The people's music: from street ballads to music hall in nineteenth century Bristol

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Date: 17 May 2018
Venue: M Shed, Princes Wharf, Wapping Rd, Bristol BS1 4RN
Time: 18:00 - 19:30

UWE Bristol Regional History Centre and M Shed Seminar Programme 2017-18; in partnership with M Shed, the Regional History Centre, runs a monthly evening research seminar in the Learning Studio at M Shed, Bristol. All the seminars are held on a Thursday, start at 18:00 and are free to attend.

About the event

The People's Music: From Street Ballads to Music Hall in Nineteenth Century Bristol - Nick Nourse

The nineteenth century was a period of significant change in the music of the people. Most notable of those changes was the advent of music hall. Legislated into being so as to separate drama and high society from the popular music of 'the people', it was a roaring success across the country, followed, somewhat reluctantly, by Bristol. Here, the city hung on to its pubs and 'convivials', and to its simplest form of the people's music: street ballad singers.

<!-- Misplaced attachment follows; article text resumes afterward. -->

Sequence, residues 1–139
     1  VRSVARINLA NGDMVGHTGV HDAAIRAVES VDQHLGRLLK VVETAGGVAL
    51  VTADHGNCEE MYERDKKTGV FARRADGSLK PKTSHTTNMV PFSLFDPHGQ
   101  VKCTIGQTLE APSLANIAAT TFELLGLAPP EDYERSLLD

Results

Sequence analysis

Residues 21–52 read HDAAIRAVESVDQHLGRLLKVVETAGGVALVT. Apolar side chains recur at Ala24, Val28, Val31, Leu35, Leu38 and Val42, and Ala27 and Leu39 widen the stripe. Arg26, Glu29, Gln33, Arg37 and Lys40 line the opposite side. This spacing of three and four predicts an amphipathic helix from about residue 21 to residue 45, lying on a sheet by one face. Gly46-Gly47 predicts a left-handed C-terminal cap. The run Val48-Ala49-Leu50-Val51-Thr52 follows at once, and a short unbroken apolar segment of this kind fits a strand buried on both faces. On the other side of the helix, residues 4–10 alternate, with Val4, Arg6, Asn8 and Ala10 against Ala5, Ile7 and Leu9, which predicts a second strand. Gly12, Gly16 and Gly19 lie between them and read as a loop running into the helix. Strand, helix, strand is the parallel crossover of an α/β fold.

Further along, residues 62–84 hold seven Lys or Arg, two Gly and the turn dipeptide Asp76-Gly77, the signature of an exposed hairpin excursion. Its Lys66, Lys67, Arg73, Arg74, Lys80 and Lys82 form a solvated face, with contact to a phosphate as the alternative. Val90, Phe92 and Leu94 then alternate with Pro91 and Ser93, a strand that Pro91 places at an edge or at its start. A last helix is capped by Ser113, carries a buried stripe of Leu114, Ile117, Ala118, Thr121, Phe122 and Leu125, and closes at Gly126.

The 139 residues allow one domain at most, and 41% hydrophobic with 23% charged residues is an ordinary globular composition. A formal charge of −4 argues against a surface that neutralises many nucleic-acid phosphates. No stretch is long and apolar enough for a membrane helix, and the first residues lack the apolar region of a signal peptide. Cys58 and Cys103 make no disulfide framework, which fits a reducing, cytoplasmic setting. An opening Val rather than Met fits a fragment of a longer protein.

Targetted by the city's law-makers as beggars rather than entertainers, they and their songs were – mostly ineffectually – banned from the streets, but singers were occasionally gaoled for their efforts. This paper will examine the people's music in nineteenth century Bristol in terms of performers, venues and the music itself.

Dr Nick Nourse is a post-doctoral research associate at the University of Bristol.

How to attend

There is no registration required for this event. Read about past and recorded Regional History Centre seminars.

Cost: Free
Contact: Professor Steve Poole

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